We could say that Mephibosheth was born into privilege. His grandfather, Saul, was the king of Israel, and his father, Jonathan, also had a prominent place in the kingdom. But then Saul and Jonathan were both killed in battle on the same day, and family fortunes changed for Mephibosheth. And when David the next king summoned Jonathan’s son Mephibosheth in today’s OYB reading in 2 Samuel 9, Mephibosheth said, “What is your servant, that you should regard a dead dog like me?” (9:8). Mephibosheth was also crippled in both feet.

David wanted to show kindness to any surviving family of his good friend Jonathan. So he returned the properties of his grandfather to Mephibosheth, with the request that a former servant of Saul’s family manage the property for Mephibosheth, while Mephibosheth and his family were invited to live in Jerusalem and dine regularly at the table of King David. He received a very generous position of privilege at the hand of King David, whom his grandfather had hated and attempted to assasinate.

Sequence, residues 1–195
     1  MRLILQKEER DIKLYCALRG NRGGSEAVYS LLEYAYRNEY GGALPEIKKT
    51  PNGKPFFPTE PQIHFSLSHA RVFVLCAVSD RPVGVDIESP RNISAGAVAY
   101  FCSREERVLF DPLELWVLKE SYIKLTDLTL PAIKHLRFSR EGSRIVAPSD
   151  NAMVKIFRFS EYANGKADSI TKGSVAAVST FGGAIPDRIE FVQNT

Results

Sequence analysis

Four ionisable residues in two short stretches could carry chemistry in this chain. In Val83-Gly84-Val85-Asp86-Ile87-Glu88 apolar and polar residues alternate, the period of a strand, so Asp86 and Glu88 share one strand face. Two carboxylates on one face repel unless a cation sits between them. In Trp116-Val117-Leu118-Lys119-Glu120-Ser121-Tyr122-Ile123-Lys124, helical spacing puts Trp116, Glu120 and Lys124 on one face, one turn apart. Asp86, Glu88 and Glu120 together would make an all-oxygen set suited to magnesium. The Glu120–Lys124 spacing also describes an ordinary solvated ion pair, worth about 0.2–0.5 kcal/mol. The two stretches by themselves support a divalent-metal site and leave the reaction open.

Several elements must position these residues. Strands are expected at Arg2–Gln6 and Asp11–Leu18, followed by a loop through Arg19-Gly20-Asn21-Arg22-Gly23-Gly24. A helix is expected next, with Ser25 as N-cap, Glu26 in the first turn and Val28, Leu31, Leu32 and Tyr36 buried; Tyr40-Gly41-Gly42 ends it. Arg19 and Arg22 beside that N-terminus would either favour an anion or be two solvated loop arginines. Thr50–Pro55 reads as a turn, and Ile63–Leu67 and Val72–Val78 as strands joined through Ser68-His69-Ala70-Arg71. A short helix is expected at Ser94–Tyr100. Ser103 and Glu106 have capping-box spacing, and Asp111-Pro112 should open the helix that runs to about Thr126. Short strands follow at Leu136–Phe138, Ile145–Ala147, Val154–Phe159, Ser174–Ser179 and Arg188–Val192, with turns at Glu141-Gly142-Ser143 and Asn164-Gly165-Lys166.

David’s example of mercy and kindness and loyalty to the family of his friend Jonathan, reaching out to Jonathan’s family even after his friend’s death, stand as an example and model of how we can show mercy and kindness and loyalty to others. Is there someone we know in need, someone whose circumstances and fortunes may have changed, that we should be reaching out to?

by Bob Busenitz, Elder

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